Eventually, we needed to go out and buy some water and scout out a place for supper.  We went downstairs and luckily our hostel lady saw us and showed us an alternate exit so we didn’t have to walk through the meeting.  We walked along the beach front, looking for a shop.  Our fear of zombie mobs kept us from exploring the interior of the town.  Everything was crumbling and deserted, but near the pier we found a shop selling water and snacks.  We stocked up on water, fruit, cakes and bread.  We sat and looked at the ocean to kill time until we could eat supper.  It wasn’t a pretty beach.  It was rocky and littered, and the same pall that hung over Lima also shrouded this area.  The whole scene was dismal, and the wretched stray dogs, with matted coats and sores didn’t help.

We only found one restaurant open, and it was empty.  There was a chalkboard sign outside advertising a set menu for ten soles, but the haughty waitress lady didn’t want to give it to us.  She gave us an expensive menu, and we were preparing to walk out, on principle, because why advertise a ten soles menu if you’re not actually going to give it to your customers?  My Spanish is poor, so I couldn’t adequately argue with her, but I tried one more time, saying “Why no menu?”  She caved in, huffed back to the kitchen, and returned with what she could offer.  We ordered what turned out to be fish fried rice.  It was our grossest meal of the trip.  Maybe the restaurant wasn’t that good, maybe they were punishing us for demanding to be given what the sign had advertised, I don’t know.  The salad was good though, and she at least granted us a bottle of cusquena beer.  We went to bed early.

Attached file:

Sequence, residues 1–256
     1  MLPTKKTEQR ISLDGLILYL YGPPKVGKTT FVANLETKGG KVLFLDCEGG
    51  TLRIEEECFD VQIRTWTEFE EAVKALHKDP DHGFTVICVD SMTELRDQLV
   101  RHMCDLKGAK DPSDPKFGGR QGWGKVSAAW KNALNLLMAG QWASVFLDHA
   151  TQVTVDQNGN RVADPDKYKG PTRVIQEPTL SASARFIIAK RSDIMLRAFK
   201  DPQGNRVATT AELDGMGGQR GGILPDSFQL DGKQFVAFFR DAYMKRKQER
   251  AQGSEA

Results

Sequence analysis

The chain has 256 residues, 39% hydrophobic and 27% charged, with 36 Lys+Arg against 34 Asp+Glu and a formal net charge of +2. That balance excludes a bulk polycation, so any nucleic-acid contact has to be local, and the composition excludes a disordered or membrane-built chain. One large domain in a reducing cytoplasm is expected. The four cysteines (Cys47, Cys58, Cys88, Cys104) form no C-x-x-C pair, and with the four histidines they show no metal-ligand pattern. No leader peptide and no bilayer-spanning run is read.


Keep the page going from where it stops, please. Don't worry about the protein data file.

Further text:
Friday was our last day in Peru, and we rose early for our tour to the Islas Ballestas.  A tour van picked us up and took us to Paracas, further south along the coast.  When we arrived at Paracas, the launch point for the tour, I was jealous.  Clearly this was the town where all the tourist money was ending up.  There were nice hotels and nothing was crumbling.  I consoled myself by saying this was an artificial tourist town, and at least we were staying somewhere authentic.  We were handed off to a tour agent and then to our guide.  Sigh.  We were back on the tourist treadmill.  Busloads of other tourists were also arriving. Where were all these people staying?  We’d seen hardly any tourists in Pisco or San Andres, and since they were arriving on busses, they couldn’t have stayed here in Paracas.  Maybe they all stayed holed up in their hostels, also fearing the zombies.

While waiting in line to board our boat, our guide, Juan, asked us where we were from. When we said we were from the US, he gave a vivid description of his car not starting in Kansas and how the people there have pink cheeks in the winter.  It turns out he had traveled quite a bit around the US, although I’m not sure why.  Our group of 20 or so eventually boarded our boat, put on our giant orange life jackets, and zoomed toward the islands.  Along the way, we passed the Candelabra, a giant geoglyph of mysterious origins on the side of a sand dune.

funeral procession

supper in an empty restaurant

Islas Ballestas